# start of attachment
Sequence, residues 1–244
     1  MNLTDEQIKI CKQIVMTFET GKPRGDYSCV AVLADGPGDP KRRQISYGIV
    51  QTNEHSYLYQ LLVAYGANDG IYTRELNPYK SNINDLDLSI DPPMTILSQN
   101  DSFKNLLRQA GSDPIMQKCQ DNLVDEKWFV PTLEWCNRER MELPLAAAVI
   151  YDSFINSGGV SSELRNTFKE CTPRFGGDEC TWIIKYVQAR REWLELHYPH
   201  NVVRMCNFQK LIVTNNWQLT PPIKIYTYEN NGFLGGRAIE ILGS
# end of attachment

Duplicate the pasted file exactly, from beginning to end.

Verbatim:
Sequence, residues 1–244
     1  MNLTDEQIKI CKQIVMTFET GKPRGDYSCV AVLADGPGDP KRRQISYGIV
    51  QTNEHSYLYQ LLVAYGANDG IYTRELNPYK SNINDLDLSI DPPMTILSQN
   101  DSFKNLLRQA GSDPIMQKCQ DNLVDEKWFV PTLEWCNRER MELPLAAAVI
   151  YDSFINSGGV SSELRNTFKE CTPRFGGDEC TWIIKYVQAR REWLELHYPH
   201  NVVRMCNFQK LIVTNNWQLT PPIKIYTYEN NGFLGGRAIE ILGS